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Study: Poverty Influences Children’s Early Brain Development

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Posted: Monday, December 30, 2013 12:46 pm

A new study links poverty with slower early brain development. According to the study, children of low-income families have slower rates of growth in a number of areas, including two key parts of the brain.

The problem is described by one of the researchers involved, psychology professor Seth Pollak.

"Poverty seems to be putting children's brains on a different trajectory of development," he said. "It's slowing the development of the brains of infants living in poverty."

Pollak and other researchers studied 400 children from birth to age four. He said there is a distinct difference in the brain scans of children living in poverty. The research indicates they don't develop as rapidly, which Pollak said helps explain behavioral, learning and attention problems.

"We'll see children living in poverty who are placed in front of a television set and they sit there and they don't really move and they just watch a video all day," he said. "Sometimes they're just left in a room with really nothing to do. We see children come into the laboratory who don't have crayons or pencils, because they don't have any of these things at home."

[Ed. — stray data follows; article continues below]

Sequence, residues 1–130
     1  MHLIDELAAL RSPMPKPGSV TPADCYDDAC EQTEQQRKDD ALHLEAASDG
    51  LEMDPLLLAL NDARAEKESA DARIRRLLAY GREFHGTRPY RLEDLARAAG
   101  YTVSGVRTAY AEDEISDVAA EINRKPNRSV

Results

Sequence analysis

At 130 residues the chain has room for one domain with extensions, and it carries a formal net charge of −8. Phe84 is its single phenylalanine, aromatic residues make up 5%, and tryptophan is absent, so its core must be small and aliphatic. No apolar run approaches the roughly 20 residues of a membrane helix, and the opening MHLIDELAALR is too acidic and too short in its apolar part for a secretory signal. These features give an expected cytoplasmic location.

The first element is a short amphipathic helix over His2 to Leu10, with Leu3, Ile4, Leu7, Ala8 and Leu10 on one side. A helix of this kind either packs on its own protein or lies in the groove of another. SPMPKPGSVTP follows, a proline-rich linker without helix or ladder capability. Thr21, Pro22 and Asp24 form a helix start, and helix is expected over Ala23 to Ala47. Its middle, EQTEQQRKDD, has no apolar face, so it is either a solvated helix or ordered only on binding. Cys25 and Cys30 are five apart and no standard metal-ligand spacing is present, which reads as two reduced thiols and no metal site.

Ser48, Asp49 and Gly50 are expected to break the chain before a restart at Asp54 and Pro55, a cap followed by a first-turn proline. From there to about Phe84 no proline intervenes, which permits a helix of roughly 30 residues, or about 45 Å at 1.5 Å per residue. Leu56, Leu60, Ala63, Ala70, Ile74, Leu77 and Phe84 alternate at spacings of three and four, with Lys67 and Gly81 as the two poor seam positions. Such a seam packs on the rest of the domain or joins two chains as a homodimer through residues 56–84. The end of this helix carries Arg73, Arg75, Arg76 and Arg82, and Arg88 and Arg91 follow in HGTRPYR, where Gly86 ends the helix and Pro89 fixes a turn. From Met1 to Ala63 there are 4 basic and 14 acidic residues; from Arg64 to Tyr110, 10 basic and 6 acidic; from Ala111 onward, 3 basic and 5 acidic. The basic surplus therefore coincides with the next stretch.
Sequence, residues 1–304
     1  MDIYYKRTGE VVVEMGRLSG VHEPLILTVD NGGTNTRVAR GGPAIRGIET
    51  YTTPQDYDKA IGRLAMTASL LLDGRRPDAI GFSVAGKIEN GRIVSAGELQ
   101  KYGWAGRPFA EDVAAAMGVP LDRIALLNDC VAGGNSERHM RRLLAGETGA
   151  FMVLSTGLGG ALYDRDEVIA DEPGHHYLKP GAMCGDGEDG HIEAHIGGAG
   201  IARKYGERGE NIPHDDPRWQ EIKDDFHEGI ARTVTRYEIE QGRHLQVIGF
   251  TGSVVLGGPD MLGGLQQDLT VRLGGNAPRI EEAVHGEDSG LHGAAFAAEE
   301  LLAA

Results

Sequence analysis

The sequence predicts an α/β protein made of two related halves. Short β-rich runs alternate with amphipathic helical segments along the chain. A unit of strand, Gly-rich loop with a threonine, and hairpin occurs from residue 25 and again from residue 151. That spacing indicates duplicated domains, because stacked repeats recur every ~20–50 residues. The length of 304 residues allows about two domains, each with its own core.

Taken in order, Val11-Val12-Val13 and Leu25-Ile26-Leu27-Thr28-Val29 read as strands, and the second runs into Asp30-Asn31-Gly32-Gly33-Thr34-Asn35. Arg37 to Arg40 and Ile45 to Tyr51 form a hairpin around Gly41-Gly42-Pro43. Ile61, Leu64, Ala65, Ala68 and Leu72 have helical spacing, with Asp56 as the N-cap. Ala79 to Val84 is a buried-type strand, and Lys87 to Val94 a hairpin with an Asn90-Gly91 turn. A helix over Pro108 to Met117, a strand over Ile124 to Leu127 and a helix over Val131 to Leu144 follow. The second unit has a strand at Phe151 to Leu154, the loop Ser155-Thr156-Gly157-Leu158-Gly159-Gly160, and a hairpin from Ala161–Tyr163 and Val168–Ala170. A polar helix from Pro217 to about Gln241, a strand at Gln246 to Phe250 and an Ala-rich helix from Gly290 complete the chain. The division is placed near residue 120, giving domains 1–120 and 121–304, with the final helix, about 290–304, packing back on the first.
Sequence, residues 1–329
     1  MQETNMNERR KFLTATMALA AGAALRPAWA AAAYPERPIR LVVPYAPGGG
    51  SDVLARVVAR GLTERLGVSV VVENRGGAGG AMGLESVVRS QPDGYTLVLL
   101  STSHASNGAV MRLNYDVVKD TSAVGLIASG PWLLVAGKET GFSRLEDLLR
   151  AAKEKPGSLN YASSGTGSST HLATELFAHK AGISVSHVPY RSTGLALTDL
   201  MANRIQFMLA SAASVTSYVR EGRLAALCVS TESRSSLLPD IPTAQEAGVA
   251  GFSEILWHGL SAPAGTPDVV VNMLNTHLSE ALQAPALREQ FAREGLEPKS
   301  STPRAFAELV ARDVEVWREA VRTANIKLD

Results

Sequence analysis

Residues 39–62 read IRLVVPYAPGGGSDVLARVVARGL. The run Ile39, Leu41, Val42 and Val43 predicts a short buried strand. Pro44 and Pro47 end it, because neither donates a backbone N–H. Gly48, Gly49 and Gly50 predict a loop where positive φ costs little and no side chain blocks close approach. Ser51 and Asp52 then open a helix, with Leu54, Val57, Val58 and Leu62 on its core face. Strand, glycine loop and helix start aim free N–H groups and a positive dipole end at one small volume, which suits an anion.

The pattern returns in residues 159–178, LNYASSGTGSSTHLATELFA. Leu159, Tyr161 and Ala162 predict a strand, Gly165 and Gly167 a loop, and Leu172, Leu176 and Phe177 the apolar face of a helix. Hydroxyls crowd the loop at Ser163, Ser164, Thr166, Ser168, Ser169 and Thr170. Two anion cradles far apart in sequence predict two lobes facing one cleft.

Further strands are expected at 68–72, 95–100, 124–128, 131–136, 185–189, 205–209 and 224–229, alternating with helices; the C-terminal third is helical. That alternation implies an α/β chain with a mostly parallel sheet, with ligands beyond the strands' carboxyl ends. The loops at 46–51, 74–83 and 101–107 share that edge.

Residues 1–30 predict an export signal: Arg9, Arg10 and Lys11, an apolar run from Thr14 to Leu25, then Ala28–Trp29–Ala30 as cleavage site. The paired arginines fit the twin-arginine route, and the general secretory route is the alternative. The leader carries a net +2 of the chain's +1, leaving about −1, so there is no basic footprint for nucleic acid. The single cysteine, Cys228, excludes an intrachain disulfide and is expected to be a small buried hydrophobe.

According to Pollak and his fellow researchers, environmental factors that contribute to slower brain development often come with poverty, such as poor nutrition, a lack of sleep, an unsafe environment, and a lack of books and educational toys.

The research indicates that child-adult interaction is critical, but often absent in homes of low-income families, along with other factors.

Poverty may make it impossible to have "a child feeling protected, a child feeling secure, a child being supported, a child being spoken to and interacted with in a way that provides the child more information and practice in communication and making sense," he said.

A Kids Count Data Center study released earlier this year by the Annie E. Casey Foundation finds more than half a million Pennsylvania children, or 20 percent of them, living in poverty. In addition, 41 percent of children between the ages of three and five years in Pennsylvania aren't enrolled in nursery school, pre-school or kindergarten.

Read a brief version of the study at

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